It’s middle of April, but winter-like weather lingering in Colorado will have you thinking otherwise.
Photo by RJ Sangosti, The Denver Post
Colorado’s Day in Pictures — Interesting photos from around the state of Colorado
(Source: The Denver Post)
A perfect combination of relentlessly hot temperatures, historically dry forests and an afternoon thunderstorm converged to feed a wildfire that burned hotter than 1,500 degrees and moved faster than firefighters could run.
Several fire managers have called this fire’s behavior “incredible” and the dry conditions in which it’s burning “historic.”
Moisture content in the trees and vegetation across the state are at a record low, leaving parched forests practically defenseless when fires roar through, Allen said. In addition to live vegetation, dead fuels have a moisture content of about 3 percent, causing the Waldo Canyon fire to burn hotter than the Hayman fire in 2002 — the biggest wildfire in state history in terms of acres.
As of 9 a.m. Tuesday, June 26, 2012, the High Park fire near Fort Collins has burned 83,205 acres and 248 homes, and is 45% contained; the Weber fire has burned 8,300 acres and is 0% contained; the Waldo Canyon fire has consumed 5,168 acres and is 5% contained; and the Last Chance fire, now 100% contained, burned 38,400 acres and destroyed 11 structures in one day. Other fires are burning in Colorado including the State Line fire and the Little Sand fire.
If you want to help the victims of these fires, we’ve compiled this list of the best places to direct help and donations.
The High Park Fire in Larimer County has burned almost 37,000 acres, damaged or destroyed an estimated 100 structures, and claimed one life so far. About 400 firefighters have been battling the blaze on Monday, and about 200 more are expected within the next 48 hours. The fire is still at 0% containment.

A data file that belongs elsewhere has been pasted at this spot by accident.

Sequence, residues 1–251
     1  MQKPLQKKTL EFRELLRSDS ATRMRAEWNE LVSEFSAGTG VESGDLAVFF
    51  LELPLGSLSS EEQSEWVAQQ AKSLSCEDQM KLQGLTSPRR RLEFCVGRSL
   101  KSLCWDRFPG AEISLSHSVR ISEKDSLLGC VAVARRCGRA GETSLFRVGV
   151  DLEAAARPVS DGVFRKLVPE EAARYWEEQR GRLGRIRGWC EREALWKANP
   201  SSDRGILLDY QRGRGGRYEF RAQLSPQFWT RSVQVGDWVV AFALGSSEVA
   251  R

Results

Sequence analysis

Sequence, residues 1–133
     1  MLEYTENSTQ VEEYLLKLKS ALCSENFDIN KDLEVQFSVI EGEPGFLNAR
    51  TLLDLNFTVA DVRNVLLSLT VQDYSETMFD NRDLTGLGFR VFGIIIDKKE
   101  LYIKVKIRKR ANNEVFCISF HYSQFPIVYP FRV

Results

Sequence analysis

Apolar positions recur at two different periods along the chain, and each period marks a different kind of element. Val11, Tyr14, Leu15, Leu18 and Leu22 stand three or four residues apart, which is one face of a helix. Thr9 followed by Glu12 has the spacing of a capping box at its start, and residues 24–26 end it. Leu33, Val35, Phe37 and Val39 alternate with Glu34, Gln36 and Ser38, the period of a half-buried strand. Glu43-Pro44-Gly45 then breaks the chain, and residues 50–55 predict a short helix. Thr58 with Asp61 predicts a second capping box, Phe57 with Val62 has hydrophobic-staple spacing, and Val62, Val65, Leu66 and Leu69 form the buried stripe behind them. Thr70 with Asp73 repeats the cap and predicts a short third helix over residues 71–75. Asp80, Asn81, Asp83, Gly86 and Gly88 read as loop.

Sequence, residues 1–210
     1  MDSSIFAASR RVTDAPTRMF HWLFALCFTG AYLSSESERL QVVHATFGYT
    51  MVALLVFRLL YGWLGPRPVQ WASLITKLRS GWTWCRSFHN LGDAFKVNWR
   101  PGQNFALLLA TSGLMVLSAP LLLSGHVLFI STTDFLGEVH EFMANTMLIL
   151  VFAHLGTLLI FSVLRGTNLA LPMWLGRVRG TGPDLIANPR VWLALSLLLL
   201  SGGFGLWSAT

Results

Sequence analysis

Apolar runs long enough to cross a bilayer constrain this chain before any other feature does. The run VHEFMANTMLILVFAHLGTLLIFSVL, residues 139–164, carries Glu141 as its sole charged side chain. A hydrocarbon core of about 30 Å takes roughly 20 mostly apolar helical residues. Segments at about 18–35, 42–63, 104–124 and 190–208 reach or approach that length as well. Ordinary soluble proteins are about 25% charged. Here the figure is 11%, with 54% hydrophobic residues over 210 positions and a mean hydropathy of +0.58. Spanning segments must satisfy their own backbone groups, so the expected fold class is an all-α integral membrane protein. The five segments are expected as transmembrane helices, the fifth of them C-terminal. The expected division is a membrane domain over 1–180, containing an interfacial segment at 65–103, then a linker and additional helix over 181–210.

Our photo gallery has recently been updated with more photos of the fire, evacuated residents, and their threatened homes.
(Source: The Denver Post)
Stormy weather pounded the Front Range late last night, hitting the southwest metro area hard and keeping firefighters hopping as they responded to dozens of calls.
Lightning, thunder, heavy rains and hail caused havoc through the night and into the early morning hours as emergency personnel responded to calls on lightning-sparked house fires, flooding, car accidents and medical emergencies that were weather related.
- Read more about the storm damage
- View our collection of reader-submitted photos
- View our compilation of photos, videos and stories from around the Internet
(Photo by Steve Nehf, The Denver Post)
A Fort Collins man whose cookstove sparked the Hewlett Fire has been issued a citation by federal authorities.
James J. Weber, 56, was issued a citation for causing timber to burn without a permit.
Weber could face up to $325 in fines and fees for the citation. The federal government will also pursue civil restitution.
Firefighters make their way up to the Hewlett Gulch Fire, Tuesday, May 15, 2012, in the Poudre Canyon near Fort Collins, Colorado. (Photos by RJ Sangosti, The Denver Post)
One firefighter treated for minor injuries as Hewlett Gulch wildfire near Fort Collins, Colorado, grows to 982 acres
A firefighter battling the Hewlett Gulch Fire, burning northwest of Fort Collins, was treated for minor injuries last night.
The fire grew to about 982 acres Tuesday, according to the United States Forest Service. The fire is 5 percent contained.
Southeast Colorado mom on tornado: “My daughters’ bloodcurdling screams told me it was real.”
Josh and Therisa Brown had been warned that conditions were perfect for a tornado and so they stayed up until 2 a.m. watching the sky.
About 30 minutes after they finally went to bed, the roof blew off their trailer home.
(Photo above by RJ Sangosti, The Denver Post)